In StarMade’s case, there was a severe bottleneck going on with fragment processing (putting the pixels into the polygons and the screen). This started the second tier of finding the bottleneck within the fragment shader. It turned out to be the shire load of passing interpolated variables like occlusion and normals to the fragment shader.
To combat that I first changed the simpler per vertex lighting to look exactly like the per pixel lighting, and that would have worked overall, but it would look worse at close distance as wella s completely disable bump/normal mapping which depend on per pixel normals.
The solution to finally break this was to do preprocessed shaders, which use a simpler lighting on distance and a more advanced up close. The result was immense giving about 70% more fps to a planet of ~230 radius.
The next bottleneck identified was fillrate of textures. Since on high res, the textures have to lookup and interpolate pixels a lot more than on low res, another optimization was made to use low res textures at a distance. This also had the nice effect of eliminating texture noise when viewing objects at a distance.
Lastly the render queue has been optimized to greatly reduce draw calls and depth lookups by separating drawing in opaque and transparent parts, and also using chunked multi-drawing to the chunks of whole objects called with just one command.
Overall the optimizations yielded that a frame with large objects on it can be drawn in half the time it used to, which essentially doubles the graphics performance.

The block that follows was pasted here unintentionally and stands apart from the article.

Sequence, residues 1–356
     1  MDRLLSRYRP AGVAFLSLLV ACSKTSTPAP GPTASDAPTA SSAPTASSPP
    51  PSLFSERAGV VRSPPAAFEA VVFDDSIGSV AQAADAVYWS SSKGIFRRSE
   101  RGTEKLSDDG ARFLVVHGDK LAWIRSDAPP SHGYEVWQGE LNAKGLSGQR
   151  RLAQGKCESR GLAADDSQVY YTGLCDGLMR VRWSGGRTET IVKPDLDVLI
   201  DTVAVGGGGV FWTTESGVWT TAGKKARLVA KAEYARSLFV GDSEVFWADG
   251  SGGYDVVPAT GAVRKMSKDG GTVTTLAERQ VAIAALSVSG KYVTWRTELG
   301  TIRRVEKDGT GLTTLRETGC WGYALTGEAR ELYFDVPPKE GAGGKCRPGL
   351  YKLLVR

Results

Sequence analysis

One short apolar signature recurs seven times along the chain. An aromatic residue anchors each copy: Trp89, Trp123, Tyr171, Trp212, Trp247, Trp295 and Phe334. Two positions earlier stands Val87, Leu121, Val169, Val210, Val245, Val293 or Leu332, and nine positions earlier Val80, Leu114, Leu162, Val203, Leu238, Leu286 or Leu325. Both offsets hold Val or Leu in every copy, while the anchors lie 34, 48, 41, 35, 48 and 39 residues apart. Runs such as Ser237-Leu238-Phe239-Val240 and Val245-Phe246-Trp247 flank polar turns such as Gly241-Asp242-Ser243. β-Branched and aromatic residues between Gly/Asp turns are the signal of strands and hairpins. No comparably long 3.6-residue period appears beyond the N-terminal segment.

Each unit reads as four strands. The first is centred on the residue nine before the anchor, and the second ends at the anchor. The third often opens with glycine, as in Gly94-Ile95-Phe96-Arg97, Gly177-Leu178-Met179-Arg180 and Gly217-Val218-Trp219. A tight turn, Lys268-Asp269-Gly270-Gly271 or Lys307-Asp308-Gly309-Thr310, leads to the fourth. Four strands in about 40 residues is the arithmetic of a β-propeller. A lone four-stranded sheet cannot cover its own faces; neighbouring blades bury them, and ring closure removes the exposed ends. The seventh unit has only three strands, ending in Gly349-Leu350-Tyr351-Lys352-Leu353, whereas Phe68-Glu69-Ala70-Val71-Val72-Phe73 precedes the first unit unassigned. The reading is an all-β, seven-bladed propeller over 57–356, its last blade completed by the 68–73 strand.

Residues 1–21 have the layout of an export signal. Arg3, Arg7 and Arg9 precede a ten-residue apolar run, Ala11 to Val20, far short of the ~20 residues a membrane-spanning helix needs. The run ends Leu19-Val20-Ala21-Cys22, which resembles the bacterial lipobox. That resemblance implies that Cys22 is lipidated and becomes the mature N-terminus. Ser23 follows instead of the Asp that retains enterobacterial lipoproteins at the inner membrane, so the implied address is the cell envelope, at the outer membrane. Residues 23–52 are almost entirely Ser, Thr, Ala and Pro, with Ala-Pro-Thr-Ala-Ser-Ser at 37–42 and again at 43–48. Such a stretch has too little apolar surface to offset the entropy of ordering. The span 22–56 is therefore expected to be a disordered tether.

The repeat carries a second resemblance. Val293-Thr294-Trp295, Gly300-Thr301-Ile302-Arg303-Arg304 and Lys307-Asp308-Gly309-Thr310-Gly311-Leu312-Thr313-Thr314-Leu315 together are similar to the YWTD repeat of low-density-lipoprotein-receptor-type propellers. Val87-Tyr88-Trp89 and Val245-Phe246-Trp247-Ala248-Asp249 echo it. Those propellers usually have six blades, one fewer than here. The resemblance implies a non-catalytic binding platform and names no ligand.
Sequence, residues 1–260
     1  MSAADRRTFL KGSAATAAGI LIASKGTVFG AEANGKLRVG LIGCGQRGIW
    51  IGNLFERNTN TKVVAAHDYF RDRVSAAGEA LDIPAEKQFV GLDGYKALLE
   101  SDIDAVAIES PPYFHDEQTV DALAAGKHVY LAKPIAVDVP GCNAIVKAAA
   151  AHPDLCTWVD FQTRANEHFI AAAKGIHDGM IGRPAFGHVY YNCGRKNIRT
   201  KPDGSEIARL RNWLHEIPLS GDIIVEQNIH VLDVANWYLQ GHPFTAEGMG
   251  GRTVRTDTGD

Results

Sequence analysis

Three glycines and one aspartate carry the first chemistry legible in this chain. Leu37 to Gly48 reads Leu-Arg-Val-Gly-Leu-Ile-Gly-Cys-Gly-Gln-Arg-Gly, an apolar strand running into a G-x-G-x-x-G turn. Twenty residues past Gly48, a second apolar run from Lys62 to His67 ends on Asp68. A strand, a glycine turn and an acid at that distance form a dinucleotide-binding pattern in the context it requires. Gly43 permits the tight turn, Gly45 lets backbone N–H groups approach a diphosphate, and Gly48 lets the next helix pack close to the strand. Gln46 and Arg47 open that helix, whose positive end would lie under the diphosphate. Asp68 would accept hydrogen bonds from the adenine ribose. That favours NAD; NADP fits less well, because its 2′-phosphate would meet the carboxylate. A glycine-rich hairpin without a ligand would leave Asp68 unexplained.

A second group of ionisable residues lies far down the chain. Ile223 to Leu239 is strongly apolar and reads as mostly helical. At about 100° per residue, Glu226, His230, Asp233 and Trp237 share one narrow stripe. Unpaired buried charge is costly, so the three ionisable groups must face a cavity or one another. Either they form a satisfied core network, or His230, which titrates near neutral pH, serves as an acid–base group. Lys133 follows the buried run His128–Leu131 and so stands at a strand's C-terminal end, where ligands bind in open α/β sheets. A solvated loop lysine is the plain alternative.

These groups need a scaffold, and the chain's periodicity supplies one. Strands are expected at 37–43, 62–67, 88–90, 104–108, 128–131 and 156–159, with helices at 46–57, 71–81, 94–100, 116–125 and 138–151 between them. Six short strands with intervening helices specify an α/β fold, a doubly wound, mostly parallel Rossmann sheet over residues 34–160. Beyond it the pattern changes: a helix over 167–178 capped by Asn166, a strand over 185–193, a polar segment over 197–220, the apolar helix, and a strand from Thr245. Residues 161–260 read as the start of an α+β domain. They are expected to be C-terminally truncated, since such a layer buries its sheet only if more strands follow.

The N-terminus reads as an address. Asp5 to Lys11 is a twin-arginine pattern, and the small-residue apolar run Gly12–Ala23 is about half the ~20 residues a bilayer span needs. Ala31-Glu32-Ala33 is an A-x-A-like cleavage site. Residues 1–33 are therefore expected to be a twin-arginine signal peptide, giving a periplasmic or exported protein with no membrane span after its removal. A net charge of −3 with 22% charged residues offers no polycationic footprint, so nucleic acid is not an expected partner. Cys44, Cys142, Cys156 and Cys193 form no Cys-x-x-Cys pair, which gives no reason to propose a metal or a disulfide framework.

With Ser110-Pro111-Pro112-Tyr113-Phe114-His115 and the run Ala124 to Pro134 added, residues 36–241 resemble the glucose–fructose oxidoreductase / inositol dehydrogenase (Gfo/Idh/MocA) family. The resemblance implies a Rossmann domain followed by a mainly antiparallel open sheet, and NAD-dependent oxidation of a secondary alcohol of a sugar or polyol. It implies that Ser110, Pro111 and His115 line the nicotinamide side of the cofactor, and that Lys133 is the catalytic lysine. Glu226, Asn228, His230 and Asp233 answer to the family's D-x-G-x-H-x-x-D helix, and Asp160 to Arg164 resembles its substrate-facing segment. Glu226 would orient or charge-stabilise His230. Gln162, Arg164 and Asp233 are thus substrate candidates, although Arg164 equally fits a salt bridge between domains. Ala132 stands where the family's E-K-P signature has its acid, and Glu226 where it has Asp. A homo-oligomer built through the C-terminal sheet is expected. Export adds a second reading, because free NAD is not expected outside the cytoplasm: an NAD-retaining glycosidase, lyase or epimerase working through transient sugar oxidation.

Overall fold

Furthermore these optimizations will also greatly benefit the shadow system, which also should be a lot faster now.
Network profiling is a lot more tricky as all you see on a basic level is individual bytes. Even listing packets is not very efficient as for one it itself costs a lot of performance, and secondly, it’s very hard to interpret.
Thanks to the design of our network protocol it was easy to aggregate per class and fields of time, which made it possible to exactly analyze network traffic and where it came from.
Furthermore, a profiling tool was build to help catch any fluctuation in the traffic by sent and received. It can even save individual timeframes for later analysis. if you are interested, you can look at it with F12, as well as turn on the live graphs in the options.
There were several bottlenecks identified immediately:
Block modification: All modifications to blocks, be it by battle, or by building were sent to all players which meant a huge load for players that have nothing to do with what happens in another part of the Galaxy. These are now made into private channels to only be sent to people in the area. Other players entering the area will get all the changed with the usual chunk requests. (note that making private channels is not advisable for everything as the cost for building and sending individual packets can outweigh what private channels would actually save).
There were a lot of other small places where making things private saved a lot of basic bandwidth.
The biggest optimization however was to bigger ships and their control structure. In order for client and server to synchronize, the data of what block connects to what has to be transmitted as soon as that ship is loaded. This was already done on a private channel, but a bigger ship, even with compression and everything turned on, cost 2.8 mb of data per player in the area. That is of course not acceptable, as it caused servers to burst data, and depending on provider entering a slow mode to compensate.
This was solved with a specially developed algorithm. By taking advantage of the block system once again and how ship systems work, a 2D map based on the shortest two dimensions can be made and per line regression can be applied. While this is a little to complicated to explain in details, here is the result: That 2.8mb ship now only took 14Kb, which is an improvement by 2000 times
What comes next
As said a lot of features are in queue. Foremost the rail system and the advanced chat (maybe even with IRC interface)
Thanks for playing StarMade,
schema and the Schine Team